This financial year's inequality is epitomised by tax cuts and pay increases for the few alongside penalty rate cuts and more austerity for the many, writes John Passant.
JULY 1 MARKS new beginnings for most Australian taxpayers.
It is also often when government and corporate goodies (fewer and fewer of them for you and me) and baddies (more and more of them for you and me) start.
In other words, there is usually nothing very happy about the new financial year, unless you are rich. Speaking of which, those on $180,000 a year got a tax cut from, you guessed it, 1 July. This is because the Turnbull Government allowed the "temporary" 2% budget repair levy on high-income earners to lapse. The "debt and deficit" and "budget emergency" must be over, eh?
Shane Wright, the economics editor for the West Australian, calculated back in February that this would mean a tax cut of $6,740 a year, or $129 a week, for Prime Minister Malcolm Turnbull. It gets worse. That calculation was done on Turnbull’s then base salary of $517,504.
You guessed it. The prime minister’s base salary went up, on 1 July, by 2%, to $527, 852. That is a $10,348 pay increase. Turnbull and all the other Federal politicians have reason to be happy — they’ve "won" a pay increase and a tax cut.
To put this in perspective, the PM’s take-home pay, if we add together the wage increase of $10,348 and the tax cut of $6957, went up $17,305. I can think of many more people deserving of an extra $17,305 a year than multimillionaires like Malcolm Turnbull. Such as pensioners, the unemployed, the sick, the poor, teachers, nurses, older people ripped off by avaricious retirement’ homes — the list is almost endless.
Let’s not forget that between March 2012 and July 2013, backbenchers received "a salary boost" of $54,220 or more than $1,000 a week — a 40% increase. Ministers and opposition heavyweights got corresponding percentage increases. Australia’s Federal politicians were then – and my reasonable guess is they are still now – among the highest paid in the world.
What about your wages and the taxes you pay if you have a job? Taxes first. Only workers on more than $80,000 a year have received a tax cut in the recent past.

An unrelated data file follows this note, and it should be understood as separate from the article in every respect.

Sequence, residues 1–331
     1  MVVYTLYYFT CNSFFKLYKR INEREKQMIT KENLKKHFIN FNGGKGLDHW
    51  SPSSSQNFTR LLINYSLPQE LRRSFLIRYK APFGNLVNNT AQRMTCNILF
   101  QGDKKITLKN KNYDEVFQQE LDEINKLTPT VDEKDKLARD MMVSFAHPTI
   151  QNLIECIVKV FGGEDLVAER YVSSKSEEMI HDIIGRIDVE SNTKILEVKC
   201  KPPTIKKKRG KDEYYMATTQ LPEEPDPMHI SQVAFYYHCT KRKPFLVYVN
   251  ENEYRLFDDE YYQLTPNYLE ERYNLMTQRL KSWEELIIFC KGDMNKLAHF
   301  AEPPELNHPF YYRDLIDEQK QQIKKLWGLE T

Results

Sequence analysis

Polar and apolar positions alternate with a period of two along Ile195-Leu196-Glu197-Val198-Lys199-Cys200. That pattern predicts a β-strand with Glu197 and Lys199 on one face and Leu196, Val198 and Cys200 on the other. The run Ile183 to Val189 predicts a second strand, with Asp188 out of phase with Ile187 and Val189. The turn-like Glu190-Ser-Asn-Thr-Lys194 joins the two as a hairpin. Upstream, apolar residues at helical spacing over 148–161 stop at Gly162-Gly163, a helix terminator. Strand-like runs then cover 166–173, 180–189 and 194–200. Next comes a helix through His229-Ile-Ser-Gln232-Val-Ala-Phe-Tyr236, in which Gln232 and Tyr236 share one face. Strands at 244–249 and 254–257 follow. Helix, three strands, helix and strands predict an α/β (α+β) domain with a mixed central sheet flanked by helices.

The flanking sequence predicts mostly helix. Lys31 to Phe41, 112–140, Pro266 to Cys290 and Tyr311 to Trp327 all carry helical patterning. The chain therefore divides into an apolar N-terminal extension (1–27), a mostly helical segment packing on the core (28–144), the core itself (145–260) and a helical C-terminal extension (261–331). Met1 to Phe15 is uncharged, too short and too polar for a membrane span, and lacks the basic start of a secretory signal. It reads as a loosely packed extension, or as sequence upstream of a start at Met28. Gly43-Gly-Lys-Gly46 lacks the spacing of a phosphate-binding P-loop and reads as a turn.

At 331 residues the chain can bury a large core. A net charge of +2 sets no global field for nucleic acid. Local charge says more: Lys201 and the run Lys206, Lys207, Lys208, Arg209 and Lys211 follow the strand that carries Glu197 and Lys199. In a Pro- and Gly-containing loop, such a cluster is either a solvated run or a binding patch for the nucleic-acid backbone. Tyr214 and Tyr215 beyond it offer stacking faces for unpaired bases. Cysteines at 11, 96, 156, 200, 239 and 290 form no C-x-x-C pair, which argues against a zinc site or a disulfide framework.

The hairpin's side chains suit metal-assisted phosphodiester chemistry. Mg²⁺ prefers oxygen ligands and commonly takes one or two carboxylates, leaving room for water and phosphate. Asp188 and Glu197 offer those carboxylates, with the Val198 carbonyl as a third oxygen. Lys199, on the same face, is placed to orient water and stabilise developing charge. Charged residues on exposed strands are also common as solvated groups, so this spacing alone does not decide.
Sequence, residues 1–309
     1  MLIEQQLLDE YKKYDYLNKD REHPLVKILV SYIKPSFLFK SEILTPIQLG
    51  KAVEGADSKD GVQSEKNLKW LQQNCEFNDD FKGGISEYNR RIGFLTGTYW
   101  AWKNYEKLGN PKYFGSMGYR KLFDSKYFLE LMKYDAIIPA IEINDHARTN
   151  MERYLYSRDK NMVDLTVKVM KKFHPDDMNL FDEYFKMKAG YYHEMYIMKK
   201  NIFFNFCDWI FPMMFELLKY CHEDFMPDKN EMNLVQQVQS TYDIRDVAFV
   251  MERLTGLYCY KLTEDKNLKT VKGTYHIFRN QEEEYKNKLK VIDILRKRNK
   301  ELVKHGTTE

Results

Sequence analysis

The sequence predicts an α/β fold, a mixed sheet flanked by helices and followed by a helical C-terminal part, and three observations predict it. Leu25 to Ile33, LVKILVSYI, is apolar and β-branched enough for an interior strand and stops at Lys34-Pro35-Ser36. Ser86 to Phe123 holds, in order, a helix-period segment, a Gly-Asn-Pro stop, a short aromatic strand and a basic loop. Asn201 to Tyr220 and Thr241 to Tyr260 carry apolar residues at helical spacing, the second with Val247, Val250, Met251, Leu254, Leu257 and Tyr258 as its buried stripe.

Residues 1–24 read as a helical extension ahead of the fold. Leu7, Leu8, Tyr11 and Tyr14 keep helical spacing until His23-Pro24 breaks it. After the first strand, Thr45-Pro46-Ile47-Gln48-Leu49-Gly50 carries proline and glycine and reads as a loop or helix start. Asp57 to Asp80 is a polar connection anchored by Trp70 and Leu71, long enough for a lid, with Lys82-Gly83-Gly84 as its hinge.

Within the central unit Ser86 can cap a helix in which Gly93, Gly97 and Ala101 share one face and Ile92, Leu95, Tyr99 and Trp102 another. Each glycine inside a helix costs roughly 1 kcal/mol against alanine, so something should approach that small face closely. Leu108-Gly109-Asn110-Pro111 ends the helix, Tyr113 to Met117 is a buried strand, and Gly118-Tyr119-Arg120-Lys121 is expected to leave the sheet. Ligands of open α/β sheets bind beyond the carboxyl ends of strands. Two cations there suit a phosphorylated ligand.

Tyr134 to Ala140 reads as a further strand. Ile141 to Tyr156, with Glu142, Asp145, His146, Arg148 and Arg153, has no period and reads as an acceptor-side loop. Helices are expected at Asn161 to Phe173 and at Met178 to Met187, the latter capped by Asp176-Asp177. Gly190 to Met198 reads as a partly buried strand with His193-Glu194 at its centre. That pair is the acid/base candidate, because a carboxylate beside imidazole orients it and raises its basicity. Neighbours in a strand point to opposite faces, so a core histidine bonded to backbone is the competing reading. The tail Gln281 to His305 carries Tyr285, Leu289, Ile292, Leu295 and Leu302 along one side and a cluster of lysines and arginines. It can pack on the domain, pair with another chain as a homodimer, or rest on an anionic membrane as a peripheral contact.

In 2016, according to ABC Fact Check,
‘ … while average male full-time earnings are about $82,000 a year, the most recent ABS data shows that the median annual cash earnings for all earners, male and female, full-time and part-time, was $52,052.’
Shadow Minister for Employment and Workplace Relations Brendan O'Connor discusses penalty rates, tax cuts and politician pay increases (Source @BOConnorMP)
As Jericho points out:
‘… the median for all women was just $47,125, while it was $61,711 for men.’
Given that Turnbull’s tax cuts last year only kicked in for workers on more than $80,000, these figures show there has been no tax cut for most workers. But there were for companies, from, you guessed it, 1 July. For companies earning up to $10 million, the rate has dropped from 30% to 27.5%. That rate will extend to companies earning up to $50 million in two years and then the rate will begin dropping to 25%. The cost over ten years is $24 billion. The Government’s real target is a 25% rate for all companies — that is, for the really big ones.
What about pay increases then?
Most readers will know the story here. Pay increases have been at historic lows for some time and now, in real terms, wages are going backwards. They are not keeping pace with inflation and have fallen 0.3% in the last year, according to Gareth Hutchens in The Guardian.
But wait, there’s more. Cuts to Sunday penalty rates began on 2 July. The cuts apply to the retail, pharmacy, fast food and hospitality sectors, and will affect about 700,00 workers. The first instalment is a 5% reduction in their penalty rates after 1 July.